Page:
Moments passed. The raid was over. It was time to sound the ‘All Clear’ and get on with the next task. After all, the war had just started a few hours ago and none of us knew how long it would take for us to prevail over the enemy. Of course there was not an iota of doubt in any one’s mind that we shall prevail.
I had to first find out the extent of damage sustained. Mentally I knew that two B-57s have off loaded their bombs on us; that would be eight bombs. I also knew that I had heard only four explosions. I therefore had to find out not only what damage those four explosions had caused, I also had to find out whether the other four were merely duds or were those delayed explosion stuff waiting to hamper our repair work. I told Gopal to hold the fort, took my Jeep and drove out on to the runway.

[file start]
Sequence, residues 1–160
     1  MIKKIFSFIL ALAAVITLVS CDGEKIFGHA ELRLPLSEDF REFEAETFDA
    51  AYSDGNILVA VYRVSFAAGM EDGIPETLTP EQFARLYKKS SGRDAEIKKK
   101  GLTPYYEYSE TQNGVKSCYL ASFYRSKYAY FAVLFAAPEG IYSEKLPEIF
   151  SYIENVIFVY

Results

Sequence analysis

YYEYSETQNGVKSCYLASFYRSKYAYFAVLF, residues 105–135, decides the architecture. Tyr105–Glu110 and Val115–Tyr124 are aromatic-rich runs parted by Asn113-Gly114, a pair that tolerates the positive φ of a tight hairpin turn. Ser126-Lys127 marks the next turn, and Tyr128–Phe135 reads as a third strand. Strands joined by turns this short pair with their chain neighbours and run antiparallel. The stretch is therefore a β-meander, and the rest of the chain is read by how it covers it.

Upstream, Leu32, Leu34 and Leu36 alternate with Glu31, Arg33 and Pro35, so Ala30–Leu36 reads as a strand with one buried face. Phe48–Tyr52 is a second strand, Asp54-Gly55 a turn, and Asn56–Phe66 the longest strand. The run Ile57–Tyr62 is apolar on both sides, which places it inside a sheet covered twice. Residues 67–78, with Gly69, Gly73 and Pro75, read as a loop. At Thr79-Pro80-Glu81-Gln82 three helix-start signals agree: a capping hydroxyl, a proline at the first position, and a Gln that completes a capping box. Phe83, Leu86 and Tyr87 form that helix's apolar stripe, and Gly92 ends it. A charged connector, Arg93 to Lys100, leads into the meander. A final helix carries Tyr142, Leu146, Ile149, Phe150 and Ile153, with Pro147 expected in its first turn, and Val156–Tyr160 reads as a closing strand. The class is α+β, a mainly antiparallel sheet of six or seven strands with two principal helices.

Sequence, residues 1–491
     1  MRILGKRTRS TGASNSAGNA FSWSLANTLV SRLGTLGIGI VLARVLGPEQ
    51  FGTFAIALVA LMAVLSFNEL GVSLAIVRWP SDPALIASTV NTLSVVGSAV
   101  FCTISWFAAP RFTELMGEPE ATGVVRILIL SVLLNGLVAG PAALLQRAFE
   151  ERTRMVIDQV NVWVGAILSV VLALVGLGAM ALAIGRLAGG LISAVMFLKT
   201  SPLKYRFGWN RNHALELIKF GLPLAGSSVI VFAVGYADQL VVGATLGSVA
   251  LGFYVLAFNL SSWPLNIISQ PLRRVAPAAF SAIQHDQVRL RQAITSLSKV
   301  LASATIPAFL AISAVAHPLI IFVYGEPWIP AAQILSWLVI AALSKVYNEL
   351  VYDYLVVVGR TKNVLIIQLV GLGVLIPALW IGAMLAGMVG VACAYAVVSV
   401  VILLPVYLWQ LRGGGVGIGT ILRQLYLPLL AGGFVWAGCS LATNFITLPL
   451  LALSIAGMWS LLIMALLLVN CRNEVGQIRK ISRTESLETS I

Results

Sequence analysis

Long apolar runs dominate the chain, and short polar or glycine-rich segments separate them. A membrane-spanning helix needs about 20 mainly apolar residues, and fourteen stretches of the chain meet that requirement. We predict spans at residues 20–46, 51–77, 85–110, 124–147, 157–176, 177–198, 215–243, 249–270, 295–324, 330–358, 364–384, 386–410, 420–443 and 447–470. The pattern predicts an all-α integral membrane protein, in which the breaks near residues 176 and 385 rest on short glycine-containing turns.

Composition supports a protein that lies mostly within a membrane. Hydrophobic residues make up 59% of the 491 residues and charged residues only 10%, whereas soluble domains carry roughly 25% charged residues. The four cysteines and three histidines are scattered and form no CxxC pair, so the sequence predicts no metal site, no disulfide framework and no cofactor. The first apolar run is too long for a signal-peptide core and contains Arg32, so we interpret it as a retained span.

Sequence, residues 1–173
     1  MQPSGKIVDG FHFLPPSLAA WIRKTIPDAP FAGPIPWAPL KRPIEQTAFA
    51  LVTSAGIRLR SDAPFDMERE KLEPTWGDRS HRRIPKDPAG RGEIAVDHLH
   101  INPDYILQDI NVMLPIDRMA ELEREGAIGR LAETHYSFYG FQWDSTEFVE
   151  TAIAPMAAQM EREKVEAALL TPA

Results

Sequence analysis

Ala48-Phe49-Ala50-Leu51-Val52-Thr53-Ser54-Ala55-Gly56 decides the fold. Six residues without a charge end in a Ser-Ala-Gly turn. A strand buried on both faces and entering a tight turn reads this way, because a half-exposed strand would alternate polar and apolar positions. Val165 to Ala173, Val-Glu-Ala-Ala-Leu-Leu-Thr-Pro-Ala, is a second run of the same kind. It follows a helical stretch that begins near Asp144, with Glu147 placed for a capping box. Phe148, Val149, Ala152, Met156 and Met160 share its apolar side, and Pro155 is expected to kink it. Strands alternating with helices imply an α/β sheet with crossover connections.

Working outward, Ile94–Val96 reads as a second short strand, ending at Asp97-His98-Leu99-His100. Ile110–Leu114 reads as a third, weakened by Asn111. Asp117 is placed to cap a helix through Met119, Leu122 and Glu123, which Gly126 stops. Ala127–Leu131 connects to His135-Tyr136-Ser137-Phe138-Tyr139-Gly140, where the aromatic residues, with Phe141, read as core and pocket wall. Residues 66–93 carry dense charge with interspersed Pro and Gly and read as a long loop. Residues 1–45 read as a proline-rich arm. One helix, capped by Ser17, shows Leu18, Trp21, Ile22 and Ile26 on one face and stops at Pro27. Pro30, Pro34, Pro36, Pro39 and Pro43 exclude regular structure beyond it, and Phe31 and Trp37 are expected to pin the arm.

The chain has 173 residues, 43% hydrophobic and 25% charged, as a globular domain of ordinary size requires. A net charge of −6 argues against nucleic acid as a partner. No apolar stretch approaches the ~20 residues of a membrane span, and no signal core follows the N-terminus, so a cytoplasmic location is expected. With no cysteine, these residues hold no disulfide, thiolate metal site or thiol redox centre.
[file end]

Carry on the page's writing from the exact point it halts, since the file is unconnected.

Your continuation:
From the BADC dugout, I drove to the centre of the runway. After a few yards, I found the remains of a 500 Lb Bomb that had broken open. Only a small piece was lying on the runway along with little bits of unexploded charge. The piece seemed to be a part of the middle of the bomb. There was no trace of the tail or the nose section. I drove towards one end of the runway, zigzagging to throw my headlight beam and see the state of the runway. A couple of hundred meters down I found a heap of mud on the runway. It was really a huge heap of mud. The source of the mud was not difficult to find. There was a bomb crater just off the shoulder of the runway; the explosion had thrown all that mountain of mud on the concrete. I tried to assess whether any unevenness has been caused to the runway’s surface by the blast. I could not really assess the situation as the surface was covered by mud excavated by the bomb. Just as I was about to move up, a repair party arrived. It had a bulldozer, and it began its work immediately.